Teng and Skancke traveled to China last year and met with the leaders of Jiaotong’s programs about the possibility of collaborating with UNLV.
One of Jiaotong’s professors sent a letter in support of establishing an American-based institute to UNLV President Neal Smatrask, and one of the university’s administrators signed a memorandum in early 2011 pledging cooperation with UNLV.
When Skancke and Teng returned from China, they began talking with industry leaders about the value of an institute to their companies. Teng went to work outlining potential degree programs.
Teng envisions the institute offering bachelor’s, master’s and doctoral degree programs in various subject areas involving high-speed rail. He also pictures a certificate program for students who aren’t seeking advanced degrees. Programs would be developed for construction workers and managers, train operation crews, station managers and operators, and maintenance professionals and technicians.
Skancke also proposed collaborations with other western universities that have established engineering, transportation and hospitality programs. They could contribute teachers and lecturers through distance-learning courses.
Skancke named UNR, the University of Arizona and Arizona State University, the University of Utah and Utah State University, the University of Colorado and Colorado State University, and Brigham Young University as prospective partners. He also identified China’s Southwest Jiaotong University, Taiwan’s National Cheng Tung University, Japan’s University of Tokyo, China’s Dalian University of Technology and Germany’s Technische Universitat Braunschweig as prospective international partners.
One of the institute’s long-term goals would be to build a test track in Southern Nevada.
“We have a lot of topographical extremes in the United States that they don’t have in Europe and Asia,” Skancke said. “It could be 80 degrees in Las Vegas and snowing in San Bernardino County. And we still don’t really know how the desert extremes and the dust in those desert environments will affect high-speed rail operations.”
Train operations in extreme heat and the effects of seismic activity would likely be important research areas at the institute. Researchers also could investigate the use of solar energy to power rail systems.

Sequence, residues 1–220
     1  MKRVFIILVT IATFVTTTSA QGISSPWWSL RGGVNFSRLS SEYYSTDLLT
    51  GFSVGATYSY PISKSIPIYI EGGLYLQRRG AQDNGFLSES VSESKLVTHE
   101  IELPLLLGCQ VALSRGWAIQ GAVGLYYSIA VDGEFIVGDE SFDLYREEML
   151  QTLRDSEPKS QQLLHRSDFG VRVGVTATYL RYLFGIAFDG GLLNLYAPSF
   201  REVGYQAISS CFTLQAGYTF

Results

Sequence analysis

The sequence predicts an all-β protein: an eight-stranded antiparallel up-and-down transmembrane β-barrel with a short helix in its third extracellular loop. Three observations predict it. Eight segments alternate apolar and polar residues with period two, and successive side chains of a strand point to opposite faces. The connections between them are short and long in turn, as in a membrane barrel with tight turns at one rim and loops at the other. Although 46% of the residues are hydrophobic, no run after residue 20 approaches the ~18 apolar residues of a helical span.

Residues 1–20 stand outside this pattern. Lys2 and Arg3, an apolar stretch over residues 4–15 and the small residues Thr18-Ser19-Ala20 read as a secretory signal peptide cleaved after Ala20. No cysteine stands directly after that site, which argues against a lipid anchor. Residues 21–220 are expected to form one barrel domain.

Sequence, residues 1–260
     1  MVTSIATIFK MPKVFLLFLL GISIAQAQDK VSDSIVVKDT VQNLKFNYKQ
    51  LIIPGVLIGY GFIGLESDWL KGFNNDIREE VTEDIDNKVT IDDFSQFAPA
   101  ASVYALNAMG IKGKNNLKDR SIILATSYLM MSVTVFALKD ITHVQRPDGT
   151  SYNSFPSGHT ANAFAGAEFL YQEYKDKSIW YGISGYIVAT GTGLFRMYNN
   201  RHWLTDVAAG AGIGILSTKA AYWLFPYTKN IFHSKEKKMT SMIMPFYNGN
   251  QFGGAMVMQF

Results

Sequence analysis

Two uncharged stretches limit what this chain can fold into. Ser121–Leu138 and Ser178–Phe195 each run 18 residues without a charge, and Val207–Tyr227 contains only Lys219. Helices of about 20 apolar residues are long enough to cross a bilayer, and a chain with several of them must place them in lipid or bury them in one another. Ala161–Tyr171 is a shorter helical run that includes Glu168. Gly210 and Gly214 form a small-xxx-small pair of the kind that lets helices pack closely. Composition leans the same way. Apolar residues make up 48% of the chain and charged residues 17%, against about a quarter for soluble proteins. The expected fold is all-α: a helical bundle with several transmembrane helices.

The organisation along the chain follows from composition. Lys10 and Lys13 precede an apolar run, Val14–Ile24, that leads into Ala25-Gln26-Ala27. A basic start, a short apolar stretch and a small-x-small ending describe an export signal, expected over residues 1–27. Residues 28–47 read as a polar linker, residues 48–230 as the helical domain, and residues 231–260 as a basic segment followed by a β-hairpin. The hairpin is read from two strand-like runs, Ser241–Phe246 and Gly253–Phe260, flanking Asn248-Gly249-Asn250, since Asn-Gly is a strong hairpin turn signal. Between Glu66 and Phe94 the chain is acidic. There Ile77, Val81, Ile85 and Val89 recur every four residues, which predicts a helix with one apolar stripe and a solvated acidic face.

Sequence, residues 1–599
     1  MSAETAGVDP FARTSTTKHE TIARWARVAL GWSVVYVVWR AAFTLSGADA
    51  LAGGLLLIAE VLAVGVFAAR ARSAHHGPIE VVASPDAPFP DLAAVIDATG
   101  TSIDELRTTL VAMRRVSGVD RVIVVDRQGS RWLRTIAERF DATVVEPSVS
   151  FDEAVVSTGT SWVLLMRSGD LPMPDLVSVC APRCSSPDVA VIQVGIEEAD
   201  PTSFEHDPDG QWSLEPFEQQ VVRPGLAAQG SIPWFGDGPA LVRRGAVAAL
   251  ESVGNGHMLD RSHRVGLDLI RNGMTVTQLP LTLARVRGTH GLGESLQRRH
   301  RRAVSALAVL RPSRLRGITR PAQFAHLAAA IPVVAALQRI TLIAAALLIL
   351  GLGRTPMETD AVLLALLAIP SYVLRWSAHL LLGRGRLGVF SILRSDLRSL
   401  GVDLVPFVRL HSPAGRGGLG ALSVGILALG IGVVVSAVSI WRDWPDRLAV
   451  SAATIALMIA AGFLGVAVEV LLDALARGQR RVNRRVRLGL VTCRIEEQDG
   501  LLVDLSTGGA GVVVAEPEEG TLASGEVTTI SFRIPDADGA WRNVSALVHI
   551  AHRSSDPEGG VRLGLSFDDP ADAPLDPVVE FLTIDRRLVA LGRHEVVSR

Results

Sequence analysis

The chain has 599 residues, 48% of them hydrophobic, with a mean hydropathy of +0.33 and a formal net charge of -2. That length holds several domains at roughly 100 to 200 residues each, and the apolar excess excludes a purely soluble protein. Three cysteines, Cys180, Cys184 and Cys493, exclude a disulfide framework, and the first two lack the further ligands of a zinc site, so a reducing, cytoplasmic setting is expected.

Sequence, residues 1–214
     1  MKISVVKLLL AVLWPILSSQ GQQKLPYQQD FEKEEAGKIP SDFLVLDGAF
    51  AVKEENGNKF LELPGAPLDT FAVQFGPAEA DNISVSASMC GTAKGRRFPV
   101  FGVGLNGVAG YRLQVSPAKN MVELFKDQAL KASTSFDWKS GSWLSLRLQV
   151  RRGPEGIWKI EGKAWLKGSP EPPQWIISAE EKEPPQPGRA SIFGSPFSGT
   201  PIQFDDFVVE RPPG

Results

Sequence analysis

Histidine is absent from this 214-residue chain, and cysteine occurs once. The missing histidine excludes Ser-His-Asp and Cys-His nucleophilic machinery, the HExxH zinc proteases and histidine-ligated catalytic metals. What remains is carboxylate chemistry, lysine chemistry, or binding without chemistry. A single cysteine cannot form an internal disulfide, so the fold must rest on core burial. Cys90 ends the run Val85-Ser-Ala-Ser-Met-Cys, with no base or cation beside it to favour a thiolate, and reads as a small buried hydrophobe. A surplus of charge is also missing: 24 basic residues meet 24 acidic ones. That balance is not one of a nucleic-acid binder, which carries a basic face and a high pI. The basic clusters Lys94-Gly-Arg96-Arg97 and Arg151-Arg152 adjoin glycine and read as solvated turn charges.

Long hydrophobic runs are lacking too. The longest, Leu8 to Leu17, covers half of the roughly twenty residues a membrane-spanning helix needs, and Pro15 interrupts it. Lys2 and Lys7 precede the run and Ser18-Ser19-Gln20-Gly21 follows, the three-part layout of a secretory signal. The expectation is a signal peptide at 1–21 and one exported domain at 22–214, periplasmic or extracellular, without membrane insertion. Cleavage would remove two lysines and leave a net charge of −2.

Teng already is writing or has finished nine outlines for courses in railroading and high-speed rail technology that would be available at UNLV. Twenty-six professors there teach civil, mechanical or electrical engineering classes that could be folded into the institute’s mission.
Students also would be able to take specialized classes at the university’s Transportation Research Center and from other UNLV departments, including business, liberal arts, urban affairs and hotel administration.
UNLV already has in place one of 10 student chapters of the American Railway Engineering and Maintenance-of-Way Association, and student members correspond with other chapters nationwide about rail engineering.
Skancke believes an international institute would raise the credibility and visibility of UNLV, especially if it is the center of a regional program.
“This brings the higher education region together under one umbrella,” Skancke said.
Skancke and Teng imagine that graduates from the institute would be equipped to go out into the world and design and build high-speed rail systems in other desert regions.
Not only would the concept fit in with Gov. Brian Sandoval’s economic diversification efforts to create new jobs and employment sectors locally, it also could be a catalyst to build business relationships with China, Japan and Europe’s high-speed rail leaders in Germany, France, Spain and Italy, Skancke said.
“The international partnerships are endless,” he said.
Past studies have indicated that the XpressWest project could generate up to 45,000 jobs over a three-year period with a payroll exceeding $3.4 billion.
Still, as great as they think the idea may be, Skancke is mindful that there are costs associated with developing the concept.
So he is forming a regional advisory board to try to find funding for the project. Over the next few months, he’ll approach industry experts to form the group that would be charged with raising money. Skancke figures rail companies will want to help as they will need a trained workforce.
“We’re thinking big on this,” Skancke said. “How do we get Las Vegas outside of the boundaries of the state of Nevada and make this a global city? I think this is the first step.”